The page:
When your target audience is, for example, aged 25-55 in the United States, you’ve positioned yourself in a very competitive market. You have a potential reach of over a million people and if you have a planned budget of $5.00, you will need to consider one of two options 1) either increasing your budget or 2) restricting the size of your target audience.  “We suggest that for an audience of 750,000 to 2 million a budget closer to $25.00 a day minimum. Of course the cost can fluctuate and there is no exact price; however we have seen more success with these budgets,” said our Facebook rep. This is Facebook saying, if you don’t have the budget, your ad will fall into the field like a lame arrow long before the target.

Because in most cases you do not want to put Interest and Behavior Targeting together, Facebook suggests utilizing either category within an ad set but not both.

There is no criteria field for users to enter an income, which means this information is collected outside of Facebook. Because of this, consider using industries, work, or other demographics as an alternative to using the income feature. In other words this option that Facebook offers, like the $5.00 A Day Facebook Value Ad Meal, is misleading and useless.

This is as close to a slam dunk as you can get with Facebook advertising. Honestly, the rest is a bit of a gamble. If you have a contact list of email and/or phone numbers of people who you have worked with in the past, you can upload this information to Facebook in order to search for active profiles. You can also use the list to create lookalike audiences. You’ll need to set up the POWER EDITOR first. Many Facebook ad experts recommend the custom audience for now obvious reasons.

Ads that you create are shown only to users within your chosen targeted locations, interests, and behaviors settings you chose.  As these users like your ad – and your page – this ad engagement is subsequently seen by their friends who can then also like your ad or page.  As their friends may reside outside of your targeted locations, your ad and page may receive likes from outside your targeted locations. You are not billed for those who see your ads outside of your targeted locations as a result of organic reach.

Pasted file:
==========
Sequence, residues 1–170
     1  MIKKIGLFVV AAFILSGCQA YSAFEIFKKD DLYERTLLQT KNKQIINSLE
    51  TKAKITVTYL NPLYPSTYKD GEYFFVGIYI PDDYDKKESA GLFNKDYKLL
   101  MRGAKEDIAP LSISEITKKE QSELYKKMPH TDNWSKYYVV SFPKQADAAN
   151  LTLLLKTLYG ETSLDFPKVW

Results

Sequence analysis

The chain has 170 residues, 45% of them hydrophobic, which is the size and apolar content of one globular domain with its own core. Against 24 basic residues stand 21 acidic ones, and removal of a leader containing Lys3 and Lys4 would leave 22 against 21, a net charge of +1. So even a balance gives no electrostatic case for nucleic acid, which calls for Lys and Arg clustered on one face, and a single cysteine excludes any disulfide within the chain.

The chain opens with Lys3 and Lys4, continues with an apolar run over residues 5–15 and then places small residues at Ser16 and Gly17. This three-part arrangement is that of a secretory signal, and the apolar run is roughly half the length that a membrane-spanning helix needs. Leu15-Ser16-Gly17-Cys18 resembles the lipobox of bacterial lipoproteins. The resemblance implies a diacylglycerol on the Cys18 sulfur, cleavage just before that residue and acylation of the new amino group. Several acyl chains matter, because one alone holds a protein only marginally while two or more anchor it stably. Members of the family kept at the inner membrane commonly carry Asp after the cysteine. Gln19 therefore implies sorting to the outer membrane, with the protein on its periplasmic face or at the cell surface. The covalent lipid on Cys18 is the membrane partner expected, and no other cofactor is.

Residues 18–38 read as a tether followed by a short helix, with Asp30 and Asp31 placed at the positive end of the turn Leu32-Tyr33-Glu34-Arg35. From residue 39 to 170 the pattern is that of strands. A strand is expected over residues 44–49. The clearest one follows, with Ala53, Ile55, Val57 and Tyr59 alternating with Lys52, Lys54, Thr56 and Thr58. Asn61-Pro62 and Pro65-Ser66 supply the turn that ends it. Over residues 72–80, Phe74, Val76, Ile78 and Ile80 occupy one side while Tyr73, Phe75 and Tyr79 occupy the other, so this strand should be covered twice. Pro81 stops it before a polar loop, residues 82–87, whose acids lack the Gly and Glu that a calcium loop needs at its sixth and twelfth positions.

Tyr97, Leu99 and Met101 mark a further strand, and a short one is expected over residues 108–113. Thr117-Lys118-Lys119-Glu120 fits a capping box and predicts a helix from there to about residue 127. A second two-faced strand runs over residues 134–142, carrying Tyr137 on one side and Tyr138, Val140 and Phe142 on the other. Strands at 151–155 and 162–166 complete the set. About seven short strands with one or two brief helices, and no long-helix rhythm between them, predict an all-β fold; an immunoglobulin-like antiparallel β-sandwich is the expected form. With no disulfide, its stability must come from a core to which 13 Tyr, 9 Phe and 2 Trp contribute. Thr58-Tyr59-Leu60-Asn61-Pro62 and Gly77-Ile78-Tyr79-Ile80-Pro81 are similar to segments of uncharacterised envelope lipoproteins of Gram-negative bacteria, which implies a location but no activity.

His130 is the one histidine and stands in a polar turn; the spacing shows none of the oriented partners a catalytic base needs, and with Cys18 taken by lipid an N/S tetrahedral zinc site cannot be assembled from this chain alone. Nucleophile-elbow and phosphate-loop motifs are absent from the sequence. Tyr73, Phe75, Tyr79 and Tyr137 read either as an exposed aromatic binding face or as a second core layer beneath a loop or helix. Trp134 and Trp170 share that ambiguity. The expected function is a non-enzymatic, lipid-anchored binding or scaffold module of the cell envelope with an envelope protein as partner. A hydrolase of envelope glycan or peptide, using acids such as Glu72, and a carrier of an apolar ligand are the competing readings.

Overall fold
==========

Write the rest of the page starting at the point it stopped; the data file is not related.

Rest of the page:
SUMMARY: Ignoring Facebook’s low budget campaign options is key. Ignoring Facebook’s Income option when setting your campaign is key. Not mixing Interest and Behavior Targeting together is key. And if you can take the time and research to make a custom audience, that’s your best chance at success. Leveraging the best custom features for your particular business will determine the success of your ad. Sounds easy, right?

+ + +

The following details are meant for the dedicated marketer. This is where using Facebook advertising gets more granular.

Advice from Facebook:

Optimizing the Structure of Your Ads, Ad Sets, and Campaigns to Help Drive the Best Results for Your Advertising Efforts

Create a separate campaign for each of your objectives, such as likes for your page or clicks to your website. While you have no control over the budget or audience of your ads at the campaign level, these campaigns are useful for organizing all of your ad sets with the same objective into one place.

All ads within each ad set will target the same audience. You can have multiple ad sets within a campaign, each targeting a different audience to meet the campaign’s overall objective. Allocate your budget to each ad set depending on how important the audience of that ad set is to your campaign’s objective. Finally, compare the performance of your ad sets to determine which of your audiences is responding best to your ads.

Create multiple ads within each ad set using different images, links, video, or text. After a while, you should be able to identify which ad delivers the best results. Because our system automatically begins to optimize for the ads that have the best performance within each ad set, maintaining this organization makes reporting and determining success much easier.

Have a handful of ads, but no fewer than three, in each ad set so that you can test the ads against one another and so that the Facebook system has the ability to optimize the performance of your strongest ads. If you do have a greater number of ads in your ad set, you may find that some ads tend to emerge as top performers while others may receive low distribution in comparison. If this happens in your ad set, you may want to consider pausing the ads that aren’t performing as well as the top performing ads.

Leave a Reply

Your email address will not be published. Required fields are marked *